Fort Worth, Texas, Dec. 11–15—On the second Friday in December there was an unusual calm and desertion of select major highways in the Dallas/ Ft. Worth area. And bringing a metropolitan area that is home to more than 6.5 million people to a standstill is no small feat. Thousands of people lined overpasses or stood by their cars that they had pulled over to the shoulder as they scanned the desolate highway coming from the west. In the blink of an eye dozens of motorcycles came into view and went thundering by with the large American flags and distinctive yellow flags, all snapping in the wind, identifying the Patriot Guard Riders who were leading the way for countless members of local area law enforcement departments and more than 45 buses. Each one of those buses was filled to capacity with wide-eyed children displaying beaming smiles as they waved to all the people standing by the roadside to cheer them on. These are the children of Snowball Express and every one of them had lost a mom or dad that paid the ultimate price for our freedom while serving in our Armed Forces.
Each December the all-volunteer bikers of the North Texas Patriot Guard Riders rally together to welcome more than 1,700 family members of America’s fallen military heroes to the Dallas and Fort Worth area for the five-day annual gathering of the national nonprofit Snowball Express. The PGR is a critical component to ensuring Snowball Express is a success by providing motorcycle escorts for all the buses carrying the family members and enhancing security at the hotels and event venues.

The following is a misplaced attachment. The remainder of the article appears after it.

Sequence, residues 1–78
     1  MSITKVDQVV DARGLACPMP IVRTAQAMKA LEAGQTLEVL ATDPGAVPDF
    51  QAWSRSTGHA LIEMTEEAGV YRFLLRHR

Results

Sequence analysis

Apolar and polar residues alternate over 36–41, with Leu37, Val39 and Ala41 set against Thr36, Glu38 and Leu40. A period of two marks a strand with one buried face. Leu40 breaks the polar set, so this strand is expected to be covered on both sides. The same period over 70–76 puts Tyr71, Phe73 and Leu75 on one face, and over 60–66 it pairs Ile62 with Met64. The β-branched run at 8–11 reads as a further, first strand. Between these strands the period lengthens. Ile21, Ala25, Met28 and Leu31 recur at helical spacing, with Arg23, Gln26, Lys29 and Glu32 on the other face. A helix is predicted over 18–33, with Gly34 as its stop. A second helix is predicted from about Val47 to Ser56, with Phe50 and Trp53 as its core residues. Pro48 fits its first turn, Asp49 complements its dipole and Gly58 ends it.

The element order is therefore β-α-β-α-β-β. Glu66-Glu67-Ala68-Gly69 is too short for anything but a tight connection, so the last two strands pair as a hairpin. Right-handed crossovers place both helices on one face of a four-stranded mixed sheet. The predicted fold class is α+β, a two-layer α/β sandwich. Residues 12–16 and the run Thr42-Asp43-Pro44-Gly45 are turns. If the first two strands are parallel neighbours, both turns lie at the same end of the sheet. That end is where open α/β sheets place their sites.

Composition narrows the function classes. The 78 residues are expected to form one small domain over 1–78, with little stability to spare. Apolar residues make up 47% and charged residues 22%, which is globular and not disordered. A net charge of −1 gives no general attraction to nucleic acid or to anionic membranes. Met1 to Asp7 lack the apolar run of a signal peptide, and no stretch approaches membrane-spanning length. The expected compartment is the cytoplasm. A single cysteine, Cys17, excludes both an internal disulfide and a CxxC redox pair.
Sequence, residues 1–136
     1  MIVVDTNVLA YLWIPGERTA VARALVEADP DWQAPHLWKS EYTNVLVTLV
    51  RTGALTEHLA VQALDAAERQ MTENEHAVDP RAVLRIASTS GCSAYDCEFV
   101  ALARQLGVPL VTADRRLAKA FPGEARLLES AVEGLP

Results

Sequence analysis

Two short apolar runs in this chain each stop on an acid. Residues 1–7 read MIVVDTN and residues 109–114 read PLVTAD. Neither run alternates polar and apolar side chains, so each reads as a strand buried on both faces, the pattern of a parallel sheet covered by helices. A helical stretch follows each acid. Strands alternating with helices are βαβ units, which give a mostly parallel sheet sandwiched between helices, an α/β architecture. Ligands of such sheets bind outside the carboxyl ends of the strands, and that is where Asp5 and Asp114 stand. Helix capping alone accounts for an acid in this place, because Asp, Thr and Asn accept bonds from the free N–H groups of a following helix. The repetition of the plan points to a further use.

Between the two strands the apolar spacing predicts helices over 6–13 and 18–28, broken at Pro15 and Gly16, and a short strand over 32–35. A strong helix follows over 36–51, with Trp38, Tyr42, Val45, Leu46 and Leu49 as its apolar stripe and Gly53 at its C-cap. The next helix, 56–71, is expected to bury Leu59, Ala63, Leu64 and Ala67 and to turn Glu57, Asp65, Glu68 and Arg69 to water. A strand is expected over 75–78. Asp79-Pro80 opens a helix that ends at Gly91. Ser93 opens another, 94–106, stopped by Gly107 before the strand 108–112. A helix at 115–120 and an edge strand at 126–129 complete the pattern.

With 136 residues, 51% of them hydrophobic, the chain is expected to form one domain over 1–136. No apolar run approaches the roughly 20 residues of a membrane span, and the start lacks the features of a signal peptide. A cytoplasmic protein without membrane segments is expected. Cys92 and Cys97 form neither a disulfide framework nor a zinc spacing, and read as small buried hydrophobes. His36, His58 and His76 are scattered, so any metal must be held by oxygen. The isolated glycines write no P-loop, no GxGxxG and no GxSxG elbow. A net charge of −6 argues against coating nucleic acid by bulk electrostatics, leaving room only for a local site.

On a national level, the PGR will show up at more than 50 airports around the country to cheer on the kids as they make their way to the highly-decorated departure gates where their chartered flights await. For the 2014 gathering, American Airlines donated 10 chartered flights that were identified by the FAA as “Snowball” flights and the AA flight crews were all volunteers who had been up for hours decorating the interiors of the planes and the gates.
The Patriot Guard Riders organization was initially formed in 2005 in Kansas by Chuck “Pappy” Barshney as a direct result of the actions conducted by the Westboro Baptist Church. This church congregation initiated protests at military funerals by claiming that the deaths of American troops were “divine retribution” for this America’s tolerance of homosexuality. Currently, the PGR is a registered nonprofit and has more than 325,000 members nationwide. There are no membership dues to be a member of PGR.
In fact, Patriot Guard Riders come from all walks of life including bikers, cagers, veterans, civilians, men and women. “One of the biggest challenges the PGR has is getting the word out to the public that we are not a gang, a motorcycle club, nor a riding group,” said Texas State Captain Mike Lambert. “We have 1%ers, we have H.O.G. members, and we have independents. We welcome anyone that wishes to show respect to our troops.”
The ninth annual gathering for Snowball Express took place on December 11–15, 2014 and for the first time was based in Ft. Worth. The previous five years it was centered in Dallas; the first three years, in Southern California.